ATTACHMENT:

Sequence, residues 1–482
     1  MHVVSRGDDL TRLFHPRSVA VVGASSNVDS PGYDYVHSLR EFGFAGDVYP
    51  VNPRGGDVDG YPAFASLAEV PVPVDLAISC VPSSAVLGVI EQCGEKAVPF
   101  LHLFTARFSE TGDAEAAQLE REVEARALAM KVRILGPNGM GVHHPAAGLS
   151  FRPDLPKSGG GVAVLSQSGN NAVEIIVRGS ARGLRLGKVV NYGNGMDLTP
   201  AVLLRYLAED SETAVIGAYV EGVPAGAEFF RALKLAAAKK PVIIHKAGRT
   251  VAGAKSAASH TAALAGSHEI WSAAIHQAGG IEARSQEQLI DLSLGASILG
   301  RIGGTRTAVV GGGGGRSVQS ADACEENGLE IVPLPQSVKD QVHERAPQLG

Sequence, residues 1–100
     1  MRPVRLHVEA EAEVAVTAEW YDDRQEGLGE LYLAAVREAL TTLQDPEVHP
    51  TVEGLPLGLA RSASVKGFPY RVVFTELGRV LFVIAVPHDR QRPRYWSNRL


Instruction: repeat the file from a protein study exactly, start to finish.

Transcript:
Sequence, residues 1–482
     1  MHVVSRGDDL TRLFHPRSVA VVGASSNVDS PGYDYVHSLR EFGFAGDVYP
    51  VNPRGGDVDG YPAFASLAEV PVPVDLAISC VPSSAVLGVI EQCGEKAVPF
   101  LHLFTARFSE TGDAEAAQLE REVEARALAM KVRILGPNGM GVHHPAAGLS
   151  FRPDLPKSGG GVAVLSQSGN NAVEIIVRGS ARGLRLGKVV NYGNGMDLTP
   201  AVLLRYLAED SETAVIGAYV EGVPAGAEFF RALKLAAAKK PVIIHKAGRT
   251  VAGAKSAASH TAALAGSHEI WSAAIHQAGG IEARSQEQLI DLSLGASILG
   301  RIGGTRTAVV GGGGGRSVQS ADACEENGLE IVPLPQSVKD QVHERAPQLG

Sequence, residues 1–100
     1  MRPVRLHVEA EAEVAVTAEW YDDRQEGLGE LYLAAVREAL TTLQDPEVHP
    51  TVEGLPLGLA RSASVKGFPY RVVFTELGRV LFVIAVPHDR QRPRYWSNRL